In technology, one key question is: “Build or buy?”
Another is: “Who owns the intellectual property?”
In an upcoming Supreme Court case, both questions may be front and center, intertwined, and tied to two juggernauts, with implications for any number of sectors – financial services included.
As has been reported, next month, the Supreme Court will hear arguments in a case captioned “Oracle v. Google.”
At the center of the suit is the ownership of application programming interfaces (APIs for short). The APIs let programs, perhaps with disparate functions, talk to one another, exchange data and offer up enhanced, centralized information and services to end users.
Oracle has alleged that Google has used Oracle’s APIs without permission and has committed copyright infringement. As reported by Fortune and other publications, the APIs are used with Java programming language, which in turn is used to build Google’s Android software. Oracle wants $9 billion in damages.
The fight has been wending its way through the legal system for a decade. But now it lands at the doorstep of the Supreme Court in an age where “open APIs” are taking root, as are critical tech components in endeavors such as open banking, and in the burgeoning marriages between traditional FIs and FinTechs.
APIs hold a special appeal, then, in helping construct the seamless experience that merchants and other stakeholders need to deliver to end users. Consider the fact that Visa bought Plaid last month in a $5.3 billion deal that, among other things, spotlights a unified API that connects FinTech apps with customers’ bank accounts. JPMorgan said earlier in February that FinTech firms must ink pacts that spell out the terms of how end-user financial data is used – offered up through APIs, of course.
At a surface level, APIs, if kept open or shared between stakeholders, let developers build new applications that are in turn used for innovation.
Drilling down into the case to be heard by the Supreme Court, and how we got here:
Oracle had filed a copyright infringement case that said Google had used Java APIs, and that it had “replicated” the code for 37 offerings that help perform various functions and connect databases. After various twists and turns through retrials and appeals – where, eventually, a U.S. Court of Appeals for the Federal Circuit ruled that Google’s use of the packages violated copyright and fair use – Google has petitioned the Supreme Court.
Google’s filing also has support briefs from companies such as IBM and Mozilla.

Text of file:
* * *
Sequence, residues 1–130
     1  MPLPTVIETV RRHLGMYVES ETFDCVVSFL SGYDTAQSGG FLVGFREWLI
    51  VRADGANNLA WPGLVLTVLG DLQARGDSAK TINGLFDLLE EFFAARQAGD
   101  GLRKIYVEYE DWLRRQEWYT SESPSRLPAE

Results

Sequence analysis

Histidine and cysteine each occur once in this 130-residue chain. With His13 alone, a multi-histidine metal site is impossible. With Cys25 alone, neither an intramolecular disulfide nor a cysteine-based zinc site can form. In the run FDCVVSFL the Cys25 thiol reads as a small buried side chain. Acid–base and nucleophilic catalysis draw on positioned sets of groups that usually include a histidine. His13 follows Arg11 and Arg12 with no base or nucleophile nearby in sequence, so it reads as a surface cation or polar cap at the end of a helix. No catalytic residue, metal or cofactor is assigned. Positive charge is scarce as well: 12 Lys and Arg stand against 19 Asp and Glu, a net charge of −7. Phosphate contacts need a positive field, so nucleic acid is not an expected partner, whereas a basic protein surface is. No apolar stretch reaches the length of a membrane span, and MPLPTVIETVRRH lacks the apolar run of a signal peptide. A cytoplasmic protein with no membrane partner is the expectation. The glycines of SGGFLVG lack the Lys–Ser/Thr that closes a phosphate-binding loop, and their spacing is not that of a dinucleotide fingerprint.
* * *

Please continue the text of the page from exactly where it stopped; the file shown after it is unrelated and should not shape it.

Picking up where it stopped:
Copyrights in Focus
Google said in a blog post on its website last year that copyrights, as authorized by the U.S. Constitution, are meant to “promote the progress of science and useful arts, not to impede creativity or promote lock-in software platforms.”
Oracle, for its part, said in a statement provided to IEEE Spectrum that “while Google would prefer to live in a world unencumbered by intellectual property rights, in the real world, copyrights are an essential protection and incentive for innovation. Oracle offers several licensing options for Java. Ethical developers and businesses around the world continue to recognize the value of Java and take advantage of our licenses to drive innovation and profit. Unfortunately, Google opted to ignore standard industry licensing policies and build its business by stealing Oracle’s IP.”
The Ripple Effects
The outcome is seemingly binary. A ruling that determines Google is not infringing – and, by extension, that interoperability need not be permissioned, paid for or licensed – means the current state of working with APIs would likely continue.
Developers would not, in essence, have to shift their practices. A marked shift would likely introduce a layer of complexity in software and app development, not to mention costs (incurred, for example, in a licensing model).
The ripple effect would bleed into open banking efforts, where copyright could conceivably curtail, or at least delay, time to market for new products and services. The opening arguments before the Supreme Court will help to determine “who owns what” when it comes to APIs, and whether the status quo of open development reigns or a new road lies ahead.
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